Are there books/guides coming out from Forum QAs?

I wonder if there is any draft-guide to common issues beginners face in mongodb/atlas/drivers, something like a Troubleshooting guide for beginners, that could be constantly updated by users. (And that is free and anyone could contribute at piacere.)

It could also include common errors to problems in the University courses etc.

I believe having a few standard, complete but to the point answers to common problems faced by beginners could be helpful. I thought some could be in the FAQs but that’s not the right place.

It is quite possible though, that no one would read it, but it is just an idea for now.
I’ve asked asked about this similar question in the past, but it may be worthier now, and also not exclusive to M001.

Any one interested, or any thoughts?


Hi @santimir,

Thank you for the feedback! We don’t have a single guide for beginners as the surface area of that is very broad – there are many products to learn as well as different backgrounds and learning styles to cater to. However, we are always thinking about how to improve developer experience and appreciate any suggestions.

Along with MongoDB University courses, some other resources for learners include:

The MongoDB team is working on some initiatives this year that will refresh these experiences. From the forum point of view, the MongoDB Community team has an ongoing project to add more discoverable resources and FAQs. We’ve started adding some common resources via sidebars and category descriptions (for example, in the Working with Data category) and will be adding FAQs as well (for example, Atlas Serverless FAQ).

Some of the University categories already have FAQs (M001: Frequently Asked Questions) as pinned topics, but we will be adding more consistent resources and cleaning up some of the older posts which are no longer relevant to current courses.

Troubleshooting guides and articles submitted or maintained by the community would be welcome, but to be most useful I think they’d need well defined scope and a review process for changes.

What sort of collaborative process are you envisioning? Some different approaches to consider:

  • Wiki-style editing
  • Git collaboration
  • Comments added to an FAQ that get reviewed and incorporated

Why do you think FAQs wouldn’t be the right place? What sort of format would you suggest? It would be great if you have any reference examples of better formats to consider.



thanks for the awesome information.

Hi @Stennie

thanks for the complete reply. Yes all of those, that’s a fantastic post for M001 by @SourabhBagrecha, I hadn’t explore it before. My idea was something like that, I just thought FAQs would be better suited to questions like: what is Atlas, what environments MDB runs in, how does the billing work, which products do you offer etc.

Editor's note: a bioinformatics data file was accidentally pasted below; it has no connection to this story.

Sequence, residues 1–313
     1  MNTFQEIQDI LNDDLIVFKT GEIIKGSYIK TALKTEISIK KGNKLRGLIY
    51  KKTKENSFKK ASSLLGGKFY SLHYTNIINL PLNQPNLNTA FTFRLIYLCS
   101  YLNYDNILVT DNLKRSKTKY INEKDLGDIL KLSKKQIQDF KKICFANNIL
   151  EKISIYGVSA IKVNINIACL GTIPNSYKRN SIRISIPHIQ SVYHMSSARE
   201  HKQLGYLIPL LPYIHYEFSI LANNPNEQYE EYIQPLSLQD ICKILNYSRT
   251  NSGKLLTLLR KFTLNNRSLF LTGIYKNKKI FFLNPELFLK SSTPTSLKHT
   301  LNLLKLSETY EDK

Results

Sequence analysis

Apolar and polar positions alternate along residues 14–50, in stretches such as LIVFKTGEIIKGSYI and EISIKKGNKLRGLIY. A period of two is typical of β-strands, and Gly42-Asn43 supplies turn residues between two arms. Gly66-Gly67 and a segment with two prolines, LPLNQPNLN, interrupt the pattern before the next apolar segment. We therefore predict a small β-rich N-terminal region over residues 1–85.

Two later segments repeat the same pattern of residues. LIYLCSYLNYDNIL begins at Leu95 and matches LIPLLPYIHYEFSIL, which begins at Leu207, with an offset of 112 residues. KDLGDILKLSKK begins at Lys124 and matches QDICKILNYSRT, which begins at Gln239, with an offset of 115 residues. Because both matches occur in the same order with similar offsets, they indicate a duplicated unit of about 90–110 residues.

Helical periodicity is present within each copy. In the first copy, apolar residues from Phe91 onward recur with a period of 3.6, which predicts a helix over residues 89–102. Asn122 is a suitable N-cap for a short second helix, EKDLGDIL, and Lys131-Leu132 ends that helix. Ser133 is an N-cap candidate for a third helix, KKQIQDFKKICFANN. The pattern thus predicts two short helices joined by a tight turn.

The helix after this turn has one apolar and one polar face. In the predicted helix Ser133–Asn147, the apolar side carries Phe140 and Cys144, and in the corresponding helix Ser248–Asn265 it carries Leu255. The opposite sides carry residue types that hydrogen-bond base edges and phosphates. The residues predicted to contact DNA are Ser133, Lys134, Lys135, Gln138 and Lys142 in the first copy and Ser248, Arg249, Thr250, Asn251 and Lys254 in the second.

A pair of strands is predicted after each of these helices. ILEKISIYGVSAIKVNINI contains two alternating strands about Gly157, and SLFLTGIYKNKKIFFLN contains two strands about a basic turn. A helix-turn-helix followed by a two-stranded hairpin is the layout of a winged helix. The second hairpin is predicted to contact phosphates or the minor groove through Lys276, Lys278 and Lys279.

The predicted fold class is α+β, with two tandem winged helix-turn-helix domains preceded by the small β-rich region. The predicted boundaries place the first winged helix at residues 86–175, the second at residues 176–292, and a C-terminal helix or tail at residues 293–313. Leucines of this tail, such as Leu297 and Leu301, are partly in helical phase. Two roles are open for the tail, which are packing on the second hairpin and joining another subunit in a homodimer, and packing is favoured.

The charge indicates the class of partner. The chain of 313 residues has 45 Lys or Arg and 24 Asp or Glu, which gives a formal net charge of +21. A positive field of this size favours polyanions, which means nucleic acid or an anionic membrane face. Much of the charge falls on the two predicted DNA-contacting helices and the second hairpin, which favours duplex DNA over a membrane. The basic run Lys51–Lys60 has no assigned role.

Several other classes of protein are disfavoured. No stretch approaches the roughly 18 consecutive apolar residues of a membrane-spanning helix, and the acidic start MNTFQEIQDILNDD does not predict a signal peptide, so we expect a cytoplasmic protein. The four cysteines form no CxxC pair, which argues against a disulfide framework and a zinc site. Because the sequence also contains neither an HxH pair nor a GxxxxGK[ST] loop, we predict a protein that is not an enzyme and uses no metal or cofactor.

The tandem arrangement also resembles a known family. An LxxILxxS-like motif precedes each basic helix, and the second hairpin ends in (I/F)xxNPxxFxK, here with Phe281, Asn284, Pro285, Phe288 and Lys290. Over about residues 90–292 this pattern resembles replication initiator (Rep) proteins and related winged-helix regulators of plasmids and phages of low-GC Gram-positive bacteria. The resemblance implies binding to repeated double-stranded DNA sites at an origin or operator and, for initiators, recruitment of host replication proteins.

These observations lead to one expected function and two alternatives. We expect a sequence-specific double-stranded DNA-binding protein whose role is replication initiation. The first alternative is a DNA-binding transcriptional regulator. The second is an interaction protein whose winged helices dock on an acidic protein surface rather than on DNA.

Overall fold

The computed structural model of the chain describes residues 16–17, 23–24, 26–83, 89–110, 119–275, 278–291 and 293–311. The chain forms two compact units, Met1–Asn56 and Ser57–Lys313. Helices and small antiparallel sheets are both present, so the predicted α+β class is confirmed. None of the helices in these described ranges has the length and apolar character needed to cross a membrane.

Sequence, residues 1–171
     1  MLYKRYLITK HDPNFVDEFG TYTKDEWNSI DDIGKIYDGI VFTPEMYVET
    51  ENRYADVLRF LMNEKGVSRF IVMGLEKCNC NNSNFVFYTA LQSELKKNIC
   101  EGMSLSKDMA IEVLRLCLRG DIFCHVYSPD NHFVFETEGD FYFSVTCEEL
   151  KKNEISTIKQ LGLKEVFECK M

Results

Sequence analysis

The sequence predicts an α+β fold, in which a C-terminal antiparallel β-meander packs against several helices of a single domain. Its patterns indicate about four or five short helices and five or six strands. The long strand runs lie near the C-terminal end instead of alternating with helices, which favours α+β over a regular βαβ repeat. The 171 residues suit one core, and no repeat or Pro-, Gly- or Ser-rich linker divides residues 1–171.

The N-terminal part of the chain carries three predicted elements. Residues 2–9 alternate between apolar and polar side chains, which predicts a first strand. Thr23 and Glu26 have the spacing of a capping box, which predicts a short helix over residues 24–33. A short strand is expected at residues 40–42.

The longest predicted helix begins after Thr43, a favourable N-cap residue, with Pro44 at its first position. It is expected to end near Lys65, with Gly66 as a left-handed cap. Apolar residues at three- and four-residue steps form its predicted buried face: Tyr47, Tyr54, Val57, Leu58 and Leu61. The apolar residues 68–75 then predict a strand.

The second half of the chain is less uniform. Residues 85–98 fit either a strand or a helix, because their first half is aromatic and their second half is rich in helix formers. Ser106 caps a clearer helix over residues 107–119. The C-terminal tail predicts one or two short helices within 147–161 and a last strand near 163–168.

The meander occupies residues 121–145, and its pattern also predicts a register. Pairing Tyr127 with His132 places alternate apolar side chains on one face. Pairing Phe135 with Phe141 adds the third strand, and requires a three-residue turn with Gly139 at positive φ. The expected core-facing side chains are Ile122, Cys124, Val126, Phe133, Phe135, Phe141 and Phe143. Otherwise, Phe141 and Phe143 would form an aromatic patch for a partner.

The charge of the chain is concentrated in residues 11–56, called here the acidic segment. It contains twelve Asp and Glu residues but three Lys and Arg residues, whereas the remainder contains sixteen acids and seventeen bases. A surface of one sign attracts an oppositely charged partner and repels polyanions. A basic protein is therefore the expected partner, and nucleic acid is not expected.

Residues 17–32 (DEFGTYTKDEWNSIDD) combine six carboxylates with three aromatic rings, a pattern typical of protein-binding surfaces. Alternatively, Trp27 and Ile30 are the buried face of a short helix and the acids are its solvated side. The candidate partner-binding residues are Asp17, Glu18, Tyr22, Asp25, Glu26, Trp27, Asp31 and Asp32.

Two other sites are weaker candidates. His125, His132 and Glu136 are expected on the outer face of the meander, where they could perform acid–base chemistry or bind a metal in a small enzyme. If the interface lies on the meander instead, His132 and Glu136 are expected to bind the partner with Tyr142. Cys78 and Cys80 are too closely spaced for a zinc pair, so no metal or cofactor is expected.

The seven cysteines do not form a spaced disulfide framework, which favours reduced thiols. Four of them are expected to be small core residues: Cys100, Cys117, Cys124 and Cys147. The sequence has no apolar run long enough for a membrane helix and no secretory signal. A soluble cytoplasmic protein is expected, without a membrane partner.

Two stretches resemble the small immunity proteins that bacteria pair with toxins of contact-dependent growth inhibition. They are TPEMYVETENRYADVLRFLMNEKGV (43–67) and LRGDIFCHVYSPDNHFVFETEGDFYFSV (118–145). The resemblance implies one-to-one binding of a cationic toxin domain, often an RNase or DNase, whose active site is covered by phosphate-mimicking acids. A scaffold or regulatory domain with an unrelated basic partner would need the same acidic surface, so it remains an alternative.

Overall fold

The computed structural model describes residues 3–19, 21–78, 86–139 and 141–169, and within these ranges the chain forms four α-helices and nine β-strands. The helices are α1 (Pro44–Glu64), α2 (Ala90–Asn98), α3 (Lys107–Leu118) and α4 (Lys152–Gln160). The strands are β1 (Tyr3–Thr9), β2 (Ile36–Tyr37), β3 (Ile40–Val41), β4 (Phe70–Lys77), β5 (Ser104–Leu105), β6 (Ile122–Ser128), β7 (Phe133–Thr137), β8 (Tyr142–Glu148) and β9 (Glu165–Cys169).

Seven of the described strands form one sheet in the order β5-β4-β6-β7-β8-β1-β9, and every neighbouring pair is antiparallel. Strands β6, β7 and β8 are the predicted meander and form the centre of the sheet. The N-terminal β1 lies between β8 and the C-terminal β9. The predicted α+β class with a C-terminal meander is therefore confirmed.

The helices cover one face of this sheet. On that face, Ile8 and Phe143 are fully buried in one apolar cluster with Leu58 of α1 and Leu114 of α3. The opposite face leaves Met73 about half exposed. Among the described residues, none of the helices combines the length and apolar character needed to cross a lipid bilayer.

A possible idea for topics and how to collaborate

A few different type of posts could be written (not a curated list of ideas):

  • practical examples
  • further discussion on some topics (example: explain() command for the first courses or connection string and options, etc).
  • Basic projects that a beginner could use and give a general overview of the binaries, this is: a pure JS application where you can interact with the DB both with a driver (through the browser), and compare it using Compass, Mongosh, and maybe some other linux binaries like GET, etc. This obviously for web devs, for other languages there may be better choices.
  • Some basic server-side stuff
  • Some exactly as the one written for M001 where users need a solution to copy paste or an answer to a very specific recurrent problem.

I am aware this is quite broad and overlaps with other resources, that’s why I said ‘not curated’. But this could be the general space of posts, written ‘on demand’ for topics seen again and again.

Hence, those not-too-lengthy article/guide/examples-pages would help in questions, and maybe show clear relationship with the courses.

As to where to collaborate and how, I’d think of a wiki and a slack channel where maintainers/people helping could interact, that way it’s not just separated individual changes to documents, but there is some discussion and interaction with others that is important for learning imho. Hence the creation of those posts should be itself part of the learning path for some of the members apart from a useful resource.

I am not sure of the idea anyways, I was just curious about it. Maybe there is too much overlap with other resources already, and it probably depends if there are other members interested more than anything else.